There has been a great deal of media coverage surrounding the events concerning Syracuse University Assistant Coach Bernie Fine and recent allegations of child molestation. While charges have yet to be filed and an investigation is still pending, this case has provided an opportunity to reexamine our state laws so they better protect children.
I recently became a co-sponsor of legislation called the College Coaches and Professionals Reporting Act. This bill, if passed by the legislature and signed by the Governor, will add college coaches, athletic directors, professors, graduate assistants, administrators and college presidents to the list of mandated reporters of child abuse. These are professionals who often work and manage youth programs through their respective colleges and universities. Currently, they are not defined as mandated reporters under New York State Law.
We need to be more proactive about identifying child abusers, and helping those who show signs of abuse. Creating more reporters will hopefully broaden the umbrella of safe adults that children will be protected by. We know the Bernie Fine allegations are not isolated. Before it became known about Fine, a Penn State coach was charged with 40 counts of child sexual abuse involving eight different boys. More charges also may be alleged, as the investigation is still ongoing. These stories have had a ripple effect on the community. If anything good can come of this situation is that it is has forced a dialogue on a difficult topic for teachers and parents.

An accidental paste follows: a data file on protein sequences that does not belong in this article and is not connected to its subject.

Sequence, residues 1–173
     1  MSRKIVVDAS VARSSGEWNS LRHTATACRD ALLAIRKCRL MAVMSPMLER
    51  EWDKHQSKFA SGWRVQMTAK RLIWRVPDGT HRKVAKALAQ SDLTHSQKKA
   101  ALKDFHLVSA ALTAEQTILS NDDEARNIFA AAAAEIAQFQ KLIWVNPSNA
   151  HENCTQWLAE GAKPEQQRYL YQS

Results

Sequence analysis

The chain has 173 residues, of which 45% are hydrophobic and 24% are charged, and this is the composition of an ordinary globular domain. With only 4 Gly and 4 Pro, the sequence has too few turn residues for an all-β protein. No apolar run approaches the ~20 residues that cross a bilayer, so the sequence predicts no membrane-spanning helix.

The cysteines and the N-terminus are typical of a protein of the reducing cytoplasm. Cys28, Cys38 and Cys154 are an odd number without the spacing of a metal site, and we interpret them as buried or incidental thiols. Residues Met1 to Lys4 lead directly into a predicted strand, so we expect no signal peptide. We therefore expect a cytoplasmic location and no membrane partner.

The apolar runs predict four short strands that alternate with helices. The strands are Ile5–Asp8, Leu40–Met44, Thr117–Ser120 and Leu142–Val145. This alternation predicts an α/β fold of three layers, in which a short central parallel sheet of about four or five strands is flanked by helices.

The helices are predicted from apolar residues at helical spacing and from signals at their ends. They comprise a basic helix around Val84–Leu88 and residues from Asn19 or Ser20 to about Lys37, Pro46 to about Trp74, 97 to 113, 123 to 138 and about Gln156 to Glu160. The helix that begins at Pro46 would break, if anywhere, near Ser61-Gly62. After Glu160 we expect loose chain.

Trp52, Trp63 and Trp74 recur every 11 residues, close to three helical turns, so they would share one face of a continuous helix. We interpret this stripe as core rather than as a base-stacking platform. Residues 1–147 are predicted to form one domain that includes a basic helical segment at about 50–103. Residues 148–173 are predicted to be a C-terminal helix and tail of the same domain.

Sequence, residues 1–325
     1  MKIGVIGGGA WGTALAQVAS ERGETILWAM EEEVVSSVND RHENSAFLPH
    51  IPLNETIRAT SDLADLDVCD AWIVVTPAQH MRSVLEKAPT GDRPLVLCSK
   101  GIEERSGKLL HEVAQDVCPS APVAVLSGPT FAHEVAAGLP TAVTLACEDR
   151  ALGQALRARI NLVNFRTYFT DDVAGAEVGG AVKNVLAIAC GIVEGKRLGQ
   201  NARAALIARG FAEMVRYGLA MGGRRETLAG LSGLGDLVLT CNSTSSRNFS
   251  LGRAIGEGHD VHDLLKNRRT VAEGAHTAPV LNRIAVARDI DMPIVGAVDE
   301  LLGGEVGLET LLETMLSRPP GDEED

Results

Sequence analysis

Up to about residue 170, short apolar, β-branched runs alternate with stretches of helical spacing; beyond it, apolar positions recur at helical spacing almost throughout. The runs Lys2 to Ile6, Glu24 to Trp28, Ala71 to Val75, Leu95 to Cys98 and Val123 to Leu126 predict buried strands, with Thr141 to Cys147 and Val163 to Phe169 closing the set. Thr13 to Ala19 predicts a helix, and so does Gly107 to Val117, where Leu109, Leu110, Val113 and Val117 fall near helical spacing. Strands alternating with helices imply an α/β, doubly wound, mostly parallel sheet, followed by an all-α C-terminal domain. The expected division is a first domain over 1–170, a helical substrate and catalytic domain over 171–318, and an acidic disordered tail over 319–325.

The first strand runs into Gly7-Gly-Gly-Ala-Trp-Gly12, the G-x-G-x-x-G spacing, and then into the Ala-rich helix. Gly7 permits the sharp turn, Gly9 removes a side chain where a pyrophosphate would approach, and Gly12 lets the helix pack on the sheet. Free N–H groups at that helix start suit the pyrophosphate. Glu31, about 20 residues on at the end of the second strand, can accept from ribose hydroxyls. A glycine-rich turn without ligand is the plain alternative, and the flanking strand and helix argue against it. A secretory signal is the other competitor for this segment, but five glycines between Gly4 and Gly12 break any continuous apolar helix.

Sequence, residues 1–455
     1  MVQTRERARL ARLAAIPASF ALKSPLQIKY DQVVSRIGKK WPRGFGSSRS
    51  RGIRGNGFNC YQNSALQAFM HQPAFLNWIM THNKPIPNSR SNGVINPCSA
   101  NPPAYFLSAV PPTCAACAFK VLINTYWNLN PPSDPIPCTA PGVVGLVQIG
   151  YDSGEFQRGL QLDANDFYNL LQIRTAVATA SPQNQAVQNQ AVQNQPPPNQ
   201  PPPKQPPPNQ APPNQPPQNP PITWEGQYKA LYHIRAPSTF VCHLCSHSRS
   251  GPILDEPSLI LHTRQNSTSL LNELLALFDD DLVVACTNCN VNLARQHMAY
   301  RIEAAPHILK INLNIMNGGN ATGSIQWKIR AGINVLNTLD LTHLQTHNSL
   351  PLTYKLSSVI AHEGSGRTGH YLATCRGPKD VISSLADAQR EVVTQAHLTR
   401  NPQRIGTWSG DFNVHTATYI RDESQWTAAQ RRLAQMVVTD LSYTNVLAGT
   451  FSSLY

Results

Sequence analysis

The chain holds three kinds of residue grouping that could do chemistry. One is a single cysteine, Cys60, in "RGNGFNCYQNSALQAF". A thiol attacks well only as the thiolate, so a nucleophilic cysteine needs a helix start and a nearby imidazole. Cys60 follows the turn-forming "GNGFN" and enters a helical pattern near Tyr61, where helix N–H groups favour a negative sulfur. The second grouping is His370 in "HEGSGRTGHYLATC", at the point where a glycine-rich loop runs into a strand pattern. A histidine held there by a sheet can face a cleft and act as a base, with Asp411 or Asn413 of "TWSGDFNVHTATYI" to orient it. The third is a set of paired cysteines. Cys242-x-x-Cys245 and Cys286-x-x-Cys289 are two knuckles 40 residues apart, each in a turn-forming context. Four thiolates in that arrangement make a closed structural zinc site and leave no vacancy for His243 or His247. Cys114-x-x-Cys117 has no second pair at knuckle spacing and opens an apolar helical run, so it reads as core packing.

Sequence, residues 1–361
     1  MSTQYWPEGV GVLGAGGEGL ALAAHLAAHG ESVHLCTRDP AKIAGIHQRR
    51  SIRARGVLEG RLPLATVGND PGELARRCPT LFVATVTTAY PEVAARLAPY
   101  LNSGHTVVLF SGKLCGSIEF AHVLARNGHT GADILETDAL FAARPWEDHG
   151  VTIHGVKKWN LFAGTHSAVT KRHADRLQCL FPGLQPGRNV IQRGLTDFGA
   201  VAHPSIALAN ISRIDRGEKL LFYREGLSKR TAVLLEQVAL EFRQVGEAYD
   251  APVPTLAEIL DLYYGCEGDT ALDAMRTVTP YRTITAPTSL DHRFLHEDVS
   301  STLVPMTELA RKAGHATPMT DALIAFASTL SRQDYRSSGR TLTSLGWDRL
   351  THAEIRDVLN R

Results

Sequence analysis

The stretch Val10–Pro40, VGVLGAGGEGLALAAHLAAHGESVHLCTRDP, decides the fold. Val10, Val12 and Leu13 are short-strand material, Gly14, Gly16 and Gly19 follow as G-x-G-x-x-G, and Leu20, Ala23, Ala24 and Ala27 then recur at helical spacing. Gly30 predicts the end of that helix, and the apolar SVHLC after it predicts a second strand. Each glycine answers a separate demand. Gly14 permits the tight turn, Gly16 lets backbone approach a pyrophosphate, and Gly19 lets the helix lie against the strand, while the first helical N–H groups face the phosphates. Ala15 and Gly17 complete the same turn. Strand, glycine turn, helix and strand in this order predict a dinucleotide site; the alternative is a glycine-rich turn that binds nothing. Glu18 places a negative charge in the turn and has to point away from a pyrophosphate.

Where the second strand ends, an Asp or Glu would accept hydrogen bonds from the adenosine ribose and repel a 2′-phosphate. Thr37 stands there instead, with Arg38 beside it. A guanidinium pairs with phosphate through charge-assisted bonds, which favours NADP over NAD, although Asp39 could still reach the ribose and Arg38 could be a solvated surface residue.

Other than laws and increasing mandated reporters to better protect our kids, perhaps the best protection is to talk to your children or grandchildren about abuse and to help them define it for themselves so they can identify sexual abuse if they experience it themselves and know where to go. Social workers at McMahon Ryan Child Advocacy Center, an agency that works to raise awareness about child abuse and to protect children in Syracuse, has discussed how the alleged behavior of both Fine and the coach at Penn State, Jerry Sandusky, are typical of abusers. They often groom their victims, earn their respect and befriend parents or guardians, and develop a relationship of trust with their victims so the victim feels loyal to their abuser. Secrecy is used to perpetuate and continue the relationship. According to McMahon Ryan Center, sexual abuse is a crime of secrecy. It is estimated that only 10% of child sex abuse cases are ever reported, and 90% of the time, children are sexually abused by someone they know.
For more information, or for ways on how to approach this important discussion with your children, visit the McMahon Ryan Center Web site or the Oswego County-based Child Advocacy Center Web site. You also may call McMahon Ryan Center at 315-701-2985 or the Child Advocacy Center at 315-592-4453.
Anyone is able to report child abuse. The statewide hotline is 1-800-342-3720. The list of mandated reporters includes medical and hospital personnel, school officials, teachers, social service workers, child care workers and residential care workers and volunteers, and law enforcement.
If you have any questions or comments on this or any other state issue, or if you would like to be added to my mailing list or receive my newsletter, please contact my office. My office can be reached by mail at 200 North Second Street, Fulton, New York 13069, by e-mail at firstname.lastname@example.org or by calling (315) 598-5185.